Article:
The only way any beauty can come from such wreckage is grace. As believers, we’ve received the ultimate grace of the cross of Christ, ourselves being welcomed into God’s family as his adopted sons and daughters and we have the ability to extend the same grace to those around us. This past season has also called for an abundance of grace to be shed onto — not just working professional strangers but my foster daughters, my biological son, my husband, my extended family members and myself. Fostering, adopting, parenting….these are tough jobs. Getting into the deep well of the grace of God for me was a vital piece of my survival of the past several months. If I took my eyes off of the cross, I quickly began to sink. Almost every interaction with my girls was stress-filled because trauma ruled their thoughts and actions; very few interactions were available for my husband and I that were ruled by peace or included thoughts or feelings outside of our role as parents (which often brought out our worst); conversations with well meaning friends and family were difficult because we were so fragile and broken. Grace had to cover.
What Daily Grace Looks Like
Over time, I began to learn that often grace simply looks like not fighting back. Choosing the peace of Jesus and having faith to trust His Spirit in that very moment to give you exactly what you need. Grace, in my mind, encompasses a lot of attitudes. Meekness, love, mercy, patience, forbearance but overall it evokes a picture of beauty. Like a ballerina gliding, not without much effort but seemingly effortlessly across a space in such a way that inspires. Do my actions and reactions inspire more beauty and more grace or inflict more pain and keep tempers burning? The Bible is full of advice, commands and observations of this topic. How often have I looked like a complete fool because I chose anger, let the comment get to me, caused pain when I could’ve shown love and been a peacemaker….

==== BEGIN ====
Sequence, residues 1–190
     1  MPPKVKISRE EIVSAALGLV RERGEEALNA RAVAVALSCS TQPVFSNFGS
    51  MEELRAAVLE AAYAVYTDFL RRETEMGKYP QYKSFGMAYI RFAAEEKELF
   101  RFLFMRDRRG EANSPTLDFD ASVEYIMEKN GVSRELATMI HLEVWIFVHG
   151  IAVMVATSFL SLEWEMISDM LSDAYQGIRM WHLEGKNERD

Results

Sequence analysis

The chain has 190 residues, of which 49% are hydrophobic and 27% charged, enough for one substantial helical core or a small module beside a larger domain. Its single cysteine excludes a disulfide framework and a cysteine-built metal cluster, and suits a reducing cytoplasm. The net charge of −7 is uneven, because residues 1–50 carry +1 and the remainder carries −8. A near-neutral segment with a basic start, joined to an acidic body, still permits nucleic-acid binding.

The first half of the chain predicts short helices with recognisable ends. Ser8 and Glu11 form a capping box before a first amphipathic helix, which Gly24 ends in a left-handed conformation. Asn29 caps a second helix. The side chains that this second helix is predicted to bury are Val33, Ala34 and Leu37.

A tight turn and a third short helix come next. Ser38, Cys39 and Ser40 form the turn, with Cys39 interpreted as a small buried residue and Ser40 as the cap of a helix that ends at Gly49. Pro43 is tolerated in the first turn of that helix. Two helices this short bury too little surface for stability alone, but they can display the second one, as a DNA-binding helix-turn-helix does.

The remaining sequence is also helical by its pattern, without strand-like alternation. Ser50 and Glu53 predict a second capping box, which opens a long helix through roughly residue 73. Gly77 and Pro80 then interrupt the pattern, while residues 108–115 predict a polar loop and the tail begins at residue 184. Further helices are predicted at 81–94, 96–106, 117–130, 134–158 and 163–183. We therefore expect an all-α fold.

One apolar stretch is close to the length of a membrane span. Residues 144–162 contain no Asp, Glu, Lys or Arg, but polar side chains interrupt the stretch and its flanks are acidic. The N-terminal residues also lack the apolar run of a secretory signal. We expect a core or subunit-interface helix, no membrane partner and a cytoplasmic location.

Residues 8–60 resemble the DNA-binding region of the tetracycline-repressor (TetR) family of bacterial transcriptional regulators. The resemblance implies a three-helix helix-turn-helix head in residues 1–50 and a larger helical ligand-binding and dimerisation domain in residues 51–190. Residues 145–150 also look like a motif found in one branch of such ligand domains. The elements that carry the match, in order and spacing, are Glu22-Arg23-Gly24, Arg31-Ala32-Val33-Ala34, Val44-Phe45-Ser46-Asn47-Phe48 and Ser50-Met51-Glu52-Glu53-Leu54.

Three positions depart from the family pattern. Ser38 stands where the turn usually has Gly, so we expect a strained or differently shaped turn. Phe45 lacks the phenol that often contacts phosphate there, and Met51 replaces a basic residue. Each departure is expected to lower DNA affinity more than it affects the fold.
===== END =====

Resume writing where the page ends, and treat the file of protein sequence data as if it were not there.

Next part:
Trusting Each Step of the Way
I believe that true grace comes from true brokenness. Being broken also points us in the way of true trust. When I learned that I simply could not rely on the people I thought were there to help me, my kids to learn their lessons, my husband to be a superhero, my family and friends to know exactly how to help at the exactly right moments or myself to somehow rise above it all blamelessly, I also learned true dependence.
In our helplessness there is not a loss of hope; we serve the highest ruling authority in the universe. As He taught me grace, He forced me to learn trust. Trust in His ultimate plan for my life, trust in His goodness and sovereignty over my foster daughters’ stories, trust in His timing for circumstantial and heart change and trust that He’d remain true to His word and genuinely equip me for the good work that He’d prepared in advance for me to do. Many moments came and went that were filled with anger, depression, and so much doubt.
And then again, I’d find myself back to learning grace. This is not an easy road and my parenting journey is really just beginning. The beauty in it all is that God does indeed work all things together for the good of those who love Him and are called according to His purposes. He orchestrates our stories to form us into his very likeness. A good Father, calling his children to look, think and act like Himself. Praise Him who does so ever so gently and faithfully, never leaving us to figure it out on our own. With His glory as my highest aim, I remember my calling, my passion, my purpose, looking forward with great hope to the next steps of this journey.